Passing the Means TestBefore you even consider filing a Chapter 7 bankruptcy, you should first find out if you are even eligible. The "means test" is implemented to prevent fraud and abuse of the bankruptcy system because liquidation of debt is involved. The test will determine your eligibility based on your income and assets to see if you really are in need of a Chapter 7 filing. There are certain calculations and state laws that come into play, so be sure to contact a bankruptcy attorney to help you determine your eligibility.
Have You Filed Before?Another deterrent of fraud and abuse is the consideration of your past filings for bankruptcies. If you filed a Chapter 7 bankruptcy in the past, you will not be eligible to file another for at least 8 years. A common occurrence is the conversion of a Chapter 13 filing into a Chapter 7 bankruptcy. In this case, eligibility will be determined again by a new means test. It is important to note that converting your Chapter 13 bankruptcy to a Chapter 7 will lower your credit score since two bankruptcies will now show up under public records.
Non-dischargeable DebtsThere are debts considered obligatory and non-dischargeable, which means a Chapter 7 filing will not eliminate these debts. Since laws vary state to state, it is best to consult with a local bankruptcy attorney to determine which of your debts will be considered non-dischargeable. The most common obligatory debts include child support, alimony, income tax debts, and student loans. If these are the majority of your debts, it might not make sense to file a Chapter 7 bankruptcy since they will still remain after the discharge.
Non-Exempt PropertyYour property will be categorized as exempt and non-exempt property, with the non-exempt property at risk for liquidation. Most commonly, the type of property at risk are real estate, vehicles, and financial accounts. As a result, before considering a Chapter 7 bankruptcy you should first evaluate how much of your personal property might be at risk.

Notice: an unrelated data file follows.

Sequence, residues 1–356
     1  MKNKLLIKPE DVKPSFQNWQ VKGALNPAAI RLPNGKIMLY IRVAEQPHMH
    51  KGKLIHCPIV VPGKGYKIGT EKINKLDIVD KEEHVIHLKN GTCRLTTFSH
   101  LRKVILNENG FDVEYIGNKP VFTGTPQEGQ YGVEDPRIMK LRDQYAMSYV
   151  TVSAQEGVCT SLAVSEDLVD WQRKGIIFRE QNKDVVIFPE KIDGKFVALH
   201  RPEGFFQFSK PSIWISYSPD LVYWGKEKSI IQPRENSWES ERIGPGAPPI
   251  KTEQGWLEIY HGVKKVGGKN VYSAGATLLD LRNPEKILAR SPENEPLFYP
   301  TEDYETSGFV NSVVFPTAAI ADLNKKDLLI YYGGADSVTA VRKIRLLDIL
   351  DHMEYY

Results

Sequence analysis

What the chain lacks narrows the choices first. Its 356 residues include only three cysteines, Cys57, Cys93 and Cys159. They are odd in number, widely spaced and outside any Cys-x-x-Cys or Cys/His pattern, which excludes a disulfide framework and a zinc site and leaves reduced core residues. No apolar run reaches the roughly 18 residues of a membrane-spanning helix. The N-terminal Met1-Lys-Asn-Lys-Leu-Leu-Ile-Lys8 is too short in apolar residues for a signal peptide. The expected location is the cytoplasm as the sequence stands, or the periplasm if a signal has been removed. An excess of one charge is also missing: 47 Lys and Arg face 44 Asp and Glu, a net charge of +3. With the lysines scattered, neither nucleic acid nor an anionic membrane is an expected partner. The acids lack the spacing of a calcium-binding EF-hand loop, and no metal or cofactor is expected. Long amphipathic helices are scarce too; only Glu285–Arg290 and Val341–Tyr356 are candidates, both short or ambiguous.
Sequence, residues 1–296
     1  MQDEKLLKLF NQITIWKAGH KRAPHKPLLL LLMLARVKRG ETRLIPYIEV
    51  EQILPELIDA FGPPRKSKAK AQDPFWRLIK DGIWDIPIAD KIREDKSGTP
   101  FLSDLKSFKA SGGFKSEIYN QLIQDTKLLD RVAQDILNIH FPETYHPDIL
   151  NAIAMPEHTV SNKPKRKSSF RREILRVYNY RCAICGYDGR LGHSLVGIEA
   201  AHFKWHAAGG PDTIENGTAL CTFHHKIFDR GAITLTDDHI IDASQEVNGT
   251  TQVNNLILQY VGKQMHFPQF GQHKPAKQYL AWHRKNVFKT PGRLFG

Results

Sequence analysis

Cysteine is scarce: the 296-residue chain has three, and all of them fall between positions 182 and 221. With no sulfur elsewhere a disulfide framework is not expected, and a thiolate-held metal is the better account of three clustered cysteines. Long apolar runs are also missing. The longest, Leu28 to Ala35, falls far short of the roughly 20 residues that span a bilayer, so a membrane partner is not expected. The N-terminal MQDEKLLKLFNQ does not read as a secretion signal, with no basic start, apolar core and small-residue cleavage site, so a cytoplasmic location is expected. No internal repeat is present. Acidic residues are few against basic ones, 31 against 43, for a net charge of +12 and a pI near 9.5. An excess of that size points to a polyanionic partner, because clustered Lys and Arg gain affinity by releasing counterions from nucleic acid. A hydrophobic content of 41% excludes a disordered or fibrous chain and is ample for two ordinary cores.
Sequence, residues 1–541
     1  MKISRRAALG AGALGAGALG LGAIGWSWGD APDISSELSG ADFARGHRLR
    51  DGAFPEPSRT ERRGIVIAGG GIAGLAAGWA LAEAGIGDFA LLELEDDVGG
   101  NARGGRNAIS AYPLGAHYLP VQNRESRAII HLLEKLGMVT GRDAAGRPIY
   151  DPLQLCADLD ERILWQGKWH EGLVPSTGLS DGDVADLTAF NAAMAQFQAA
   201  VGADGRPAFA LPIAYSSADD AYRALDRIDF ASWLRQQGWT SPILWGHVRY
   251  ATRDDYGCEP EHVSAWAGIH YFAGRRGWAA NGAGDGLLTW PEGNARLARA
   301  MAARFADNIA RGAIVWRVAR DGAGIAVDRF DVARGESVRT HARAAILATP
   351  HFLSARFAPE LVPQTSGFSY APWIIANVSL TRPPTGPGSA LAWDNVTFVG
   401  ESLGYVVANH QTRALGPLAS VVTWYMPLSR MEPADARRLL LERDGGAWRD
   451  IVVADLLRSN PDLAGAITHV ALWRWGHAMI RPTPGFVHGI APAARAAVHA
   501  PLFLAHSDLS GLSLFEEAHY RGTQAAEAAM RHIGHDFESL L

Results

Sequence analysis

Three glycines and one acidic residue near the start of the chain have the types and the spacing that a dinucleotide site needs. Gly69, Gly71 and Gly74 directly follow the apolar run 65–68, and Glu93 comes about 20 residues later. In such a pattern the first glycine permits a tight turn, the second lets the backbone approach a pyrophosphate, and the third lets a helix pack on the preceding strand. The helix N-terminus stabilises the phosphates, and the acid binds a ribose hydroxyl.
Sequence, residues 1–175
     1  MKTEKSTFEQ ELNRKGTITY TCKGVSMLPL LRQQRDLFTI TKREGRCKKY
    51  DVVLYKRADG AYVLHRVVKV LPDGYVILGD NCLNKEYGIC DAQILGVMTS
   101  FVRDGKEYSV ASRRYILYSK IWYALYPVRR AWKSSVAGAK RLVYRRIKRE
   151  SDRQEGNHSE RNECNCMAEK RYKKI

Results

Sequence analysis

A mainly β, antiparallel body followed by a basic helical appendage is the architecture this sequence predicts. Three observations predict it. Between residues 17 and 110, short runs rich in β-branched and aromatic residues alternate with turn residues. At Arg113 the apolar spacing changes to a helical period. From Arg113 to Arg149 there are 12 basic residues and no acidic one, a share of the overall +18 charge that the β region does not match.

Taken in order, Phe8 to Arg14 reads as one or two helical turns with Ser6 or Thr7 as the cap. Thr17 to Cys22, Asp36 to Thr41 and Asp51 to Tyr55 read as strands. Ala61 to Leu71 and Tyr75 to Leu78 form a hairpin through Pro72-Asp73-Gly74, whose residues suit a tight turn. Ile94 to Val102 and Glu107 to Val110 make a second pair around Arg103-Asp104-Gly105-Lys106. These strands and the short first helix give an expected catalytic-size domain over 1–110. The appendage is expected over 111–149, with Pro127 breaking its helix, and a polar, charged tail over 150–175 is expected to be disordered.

Shopping Sprees Are ForbiddenA Chapter 7 filing will liquidate credit card debt and personal loans; to avoid fraud and one last shopping spree, this limitation is enforced. Purchases made within 90 days by credit cards that are in excess of $1150 for luxury goods or services are considered non-dischargeable. Personal loans or cash advances made within 70 days also considered non-dischargeable. Furthermore, keep in mind that such fraudulent activity can lead to having your case dismissed entirely.
Don't Forget About Your CosignersIf you have debt or loans where someone cosigned for you, keep in mind that they will be held liable. Certain types of debts will be discharged, but the co-debtor will always be responsible. So while you may be given a "fresh start" with a Chapter 7 filing, your co-debtors will still be responsible for your debt.
While a Chapter 7 bankruptcy is sensible for some, it is important to find out what other options are available. Chapter 7 is usually the most attractive bankruptcy filing at first, but if you keep these 6 things in mind, you may just find another alternative better for you.
About the Author:
Heindrick So works for a Bay Area Real Estate company that specializes in residential wholesale lending. His work experience is comprised mostly of sales and marketing background which included a high end media sales position at Magnolia Hi-fi. Heindrick is also in his final year of pursuing his Bachelor's Degree in Electrical Engineering at San Jose State University.